This engaging book examines what the Hippocratic Oath meant to Greek physicians 2400 years ago and reflects on its relevance to medical ethics today. Drawing on the writings of ancient physicians, Greek playwrights, and modern scholars, each chapter explores one of its passages and concludes with a modern case discussion. The Oath proposes principles governing the relationship between the physician and society and patients. It rules out the use of poison and a hazardous abortive technique. It defines integrity and discretion in physicians' speech. The ancient Greek medical works written during the same period as the Oath reveal that Greek physicians understood that they had a duty to avoid medical errors and learn from bad outcomes. These works showed how and why to tell patients about their diseases and dire prognoses in order to develop a partnership for healing and to build the credibility of the profession. Miles uses these writings to illuminate the meaning of the Oath in its day and in so doing shows how and why it remains a valuable guide to the ethical practice of medicine. This is a book for anyone who loves medicine and is concerned about the ethics and history of this profession.
Reviewer:Ryan B Spellecy, PhD(Medical College of Wisconsin Health Policy Institute)
Description:This book provides a solid context for the background of the Hippocratic Oath, as well as the Oath's role in modern medicine.
Purpose:The author seeks to apply the Hippocratic Oath to 21st century medicine. To do this, he explores the history and context of the Oath, inserting vignettes from modern medicine to highlight aspects of the Oath that are both relevant and needed today.
Audience:The audience is physicians, students in the health sciences, scholars engaged in bioethics, and the general public. The book will likely appeal more to physicians and students of the health sciences. Although the author is certainly an authority in bioethics, delving into the classics is a new venture for him. The historical aspects of the book are neither exhaustive nor authoritative, though this is not the intent.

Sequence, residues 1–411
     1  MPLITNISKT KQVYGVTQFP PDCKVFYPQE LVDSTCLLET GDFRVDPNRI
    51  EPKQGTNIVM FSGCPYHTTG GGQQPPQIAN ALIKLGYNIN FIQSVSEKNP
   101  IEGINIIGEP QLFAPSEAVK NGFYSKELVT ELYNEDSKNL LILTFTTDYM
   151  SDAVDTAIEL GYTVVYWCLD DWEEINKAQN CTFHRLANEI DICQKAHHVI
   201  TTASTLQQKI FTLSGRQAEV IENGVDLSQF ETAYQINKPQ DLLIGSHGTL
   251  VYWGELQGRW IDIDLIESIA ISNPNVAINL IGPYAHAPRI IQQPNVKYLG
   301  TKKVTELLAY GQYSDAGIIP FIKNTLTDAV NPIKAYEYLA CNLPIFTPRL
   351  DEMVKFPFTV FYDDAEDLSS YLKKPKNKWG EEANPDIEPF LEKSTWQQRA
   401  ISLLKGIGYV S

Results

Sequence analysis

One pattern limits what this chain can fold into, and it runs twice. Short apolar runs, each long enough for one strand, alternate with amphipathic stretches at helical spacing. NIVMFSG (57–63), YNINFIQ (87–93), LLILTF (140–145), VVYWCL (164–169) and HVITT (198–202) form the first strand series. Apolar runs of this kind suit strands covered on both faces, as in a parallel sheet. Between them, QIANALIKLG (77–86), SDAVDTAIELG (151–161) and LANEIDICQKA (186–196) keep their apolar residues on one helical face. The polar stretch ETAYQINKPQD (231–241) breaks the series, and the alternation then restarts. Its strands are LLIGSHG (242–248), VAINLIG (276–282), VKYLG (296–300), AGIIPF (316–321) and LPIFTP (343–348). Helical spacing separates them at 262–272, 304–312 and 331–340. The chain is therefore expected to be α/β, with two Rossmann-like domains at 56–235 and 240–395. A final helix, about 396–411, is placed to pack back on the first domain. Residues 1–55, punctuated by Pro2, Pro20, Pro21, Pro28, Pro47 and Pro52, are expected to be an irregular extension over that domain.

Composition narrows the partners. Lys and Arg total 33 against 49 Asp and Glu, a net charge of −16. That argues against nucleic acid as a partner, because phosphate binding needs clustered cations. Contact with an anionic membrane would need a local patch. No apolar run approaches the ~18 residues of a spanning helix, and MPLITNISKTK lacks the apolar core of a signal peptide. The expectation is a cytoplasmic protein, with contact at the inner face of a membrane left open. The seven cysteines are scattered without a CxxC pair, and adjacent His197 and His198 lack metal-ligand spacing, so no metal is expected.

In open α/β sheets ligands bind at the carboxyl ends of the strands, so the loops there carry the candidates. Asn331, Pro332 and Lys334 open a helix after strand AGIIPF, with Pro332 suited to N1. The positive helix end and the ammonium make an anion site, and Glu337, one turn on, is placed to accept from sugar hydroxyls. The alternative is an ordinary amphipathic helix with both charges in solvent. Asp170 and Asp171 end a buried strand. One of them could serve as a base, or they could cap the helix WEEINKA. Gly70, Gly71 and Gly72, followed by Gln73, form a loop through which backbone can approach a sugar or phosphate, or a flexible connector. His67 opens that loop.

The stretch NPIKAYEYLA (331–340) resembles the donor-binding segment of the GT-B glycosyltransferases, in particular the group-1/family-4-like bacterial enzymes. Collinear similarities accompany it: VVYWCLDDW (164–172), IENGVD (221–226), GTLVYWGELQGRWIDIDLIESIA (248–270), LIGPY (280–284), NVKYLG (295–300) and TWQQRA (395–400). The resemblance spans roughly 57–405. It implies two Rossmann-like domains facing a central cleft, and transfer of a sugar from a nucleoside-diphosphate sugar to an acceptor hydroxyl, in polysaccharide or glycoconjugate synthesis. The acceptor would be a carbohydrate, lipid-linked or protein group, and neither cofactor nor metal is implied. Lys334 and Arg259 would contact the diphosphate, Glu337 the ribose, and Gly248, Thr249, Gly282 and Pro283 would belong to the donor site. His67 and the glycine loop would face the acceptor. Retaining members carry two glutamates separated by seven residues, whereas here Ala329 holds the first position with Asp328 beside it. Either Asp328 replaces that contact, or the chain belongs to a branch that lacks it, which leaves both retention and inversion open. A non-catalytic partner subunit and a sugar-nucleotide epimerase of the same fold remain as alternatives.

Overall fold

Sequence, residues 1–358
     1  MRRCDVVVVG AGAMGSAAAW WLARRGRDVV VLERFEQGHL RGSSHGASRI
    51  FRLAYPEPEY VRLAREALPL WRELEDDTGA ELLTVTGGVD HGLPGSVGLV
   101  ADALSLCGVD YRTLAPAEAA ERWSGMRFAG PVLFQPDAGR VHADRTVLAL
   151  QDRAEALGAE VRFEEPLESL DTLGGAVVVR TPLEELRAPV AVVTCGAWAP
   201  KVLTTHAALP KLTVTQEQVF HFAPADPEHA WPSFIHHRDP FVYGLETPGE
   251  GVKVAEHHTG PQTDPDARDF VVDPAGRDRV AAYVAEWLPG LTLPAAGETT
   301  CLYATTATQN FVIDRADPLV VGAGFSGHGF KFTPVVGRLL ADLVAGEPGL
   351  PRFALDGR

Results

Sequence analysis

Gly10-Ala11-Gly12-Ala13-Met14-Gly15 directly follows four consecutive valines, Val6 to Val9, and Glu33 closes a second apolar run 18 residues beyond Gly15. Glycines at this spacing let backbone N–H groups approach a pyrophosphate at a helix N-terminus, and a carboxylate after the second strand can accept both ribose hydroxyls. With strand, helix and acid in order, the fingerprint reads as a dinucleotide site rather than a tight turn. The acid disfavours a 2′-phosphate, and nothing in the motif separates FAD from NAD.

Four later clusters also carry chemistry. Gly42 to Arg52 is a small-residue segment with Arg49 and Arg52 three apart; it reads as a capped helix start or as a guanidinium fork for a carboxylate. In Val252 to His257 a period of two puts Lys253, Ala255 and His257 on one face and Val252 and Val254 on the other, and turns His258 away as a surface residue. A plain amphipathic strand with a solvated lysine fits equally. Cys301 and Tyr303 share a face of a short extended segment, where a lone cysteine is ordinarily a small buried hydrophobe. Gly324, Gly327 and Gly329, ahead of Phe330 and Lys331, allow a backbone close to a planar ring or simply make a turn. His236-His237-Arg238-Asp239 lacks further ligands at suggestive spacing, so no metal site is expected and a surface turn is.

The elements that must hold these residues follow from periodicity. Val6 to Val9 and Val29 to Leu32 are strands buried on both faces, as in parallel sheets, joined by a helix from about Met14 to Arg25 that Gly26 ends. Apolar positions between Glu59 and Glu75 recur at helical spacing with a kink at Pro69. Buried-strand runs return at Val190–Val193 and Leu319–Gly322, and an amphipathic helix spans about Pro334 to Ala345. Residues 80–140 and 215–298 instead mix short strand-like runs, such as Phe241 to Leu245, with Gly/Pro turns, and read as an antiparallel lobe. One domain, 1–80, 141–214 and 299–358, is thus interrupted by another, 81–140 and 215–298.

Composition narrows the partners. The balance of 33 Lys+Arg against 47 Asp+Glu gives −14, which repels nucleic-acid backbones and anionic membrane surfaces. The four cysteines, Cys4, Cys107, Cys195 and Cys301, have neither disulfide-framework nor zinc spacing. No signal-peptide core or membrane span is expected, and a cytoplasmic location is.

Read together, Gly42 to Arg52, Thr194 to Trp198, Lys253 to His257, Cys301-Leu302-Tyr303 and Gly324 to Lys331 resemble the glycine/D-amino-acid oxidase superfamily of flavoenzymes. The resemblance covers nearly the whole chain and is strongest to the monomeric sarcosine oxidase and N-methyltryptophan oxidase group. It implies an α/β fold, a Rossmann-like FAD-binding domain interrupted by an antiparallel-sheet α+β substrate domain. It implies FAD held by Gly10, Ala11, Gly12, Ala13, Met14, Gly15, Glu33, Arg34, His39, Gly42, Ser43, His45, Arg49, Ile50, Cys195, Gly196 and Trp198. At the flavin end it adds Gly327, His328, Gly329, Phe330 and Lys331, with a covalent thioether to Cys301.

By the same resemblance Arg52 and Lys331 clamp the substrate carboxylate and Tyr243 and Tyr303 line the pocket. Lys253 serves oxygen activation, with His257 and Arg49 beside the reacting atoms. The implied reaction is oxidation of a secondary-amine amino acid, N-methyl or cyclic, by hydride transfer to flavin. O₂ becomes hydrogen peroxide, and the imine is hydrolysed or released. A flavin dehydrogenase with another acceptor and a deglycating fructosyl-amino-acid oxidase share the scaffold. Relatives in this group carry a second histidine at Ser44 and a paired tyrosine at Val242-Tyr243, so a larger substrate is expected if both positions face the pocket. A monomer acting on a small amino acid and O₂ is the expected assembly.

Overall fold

Features:The book explores the meaning and relevance of the Hippocratic Oath for modern medicine. The author explores the entire Oath in sections, discussing not only the prohibition against prescribing a deadly drug, but also often overlooked topics such as the invoking of Greek deities in the Oath and how that invocation shapes the Oath, as well as the Oath's relevance today. The author's use of clinical vignettes to provide a modern application of the Oath is engaging and successful. While he merely summarizes the literature regarding classical scholarship instead of engaging it, such as the authorship of the Oath or the practice of euthanasia in Ancient Greece, this will likely not be an issue for many readers.
Assessment:This book is unique to the field. Little has been written about the relevance of the Oath to modern medicine, as many have thought the Oath was irrelevant to the practice of modern medicine. This book provides a very serious, compelling challenge to that assumption.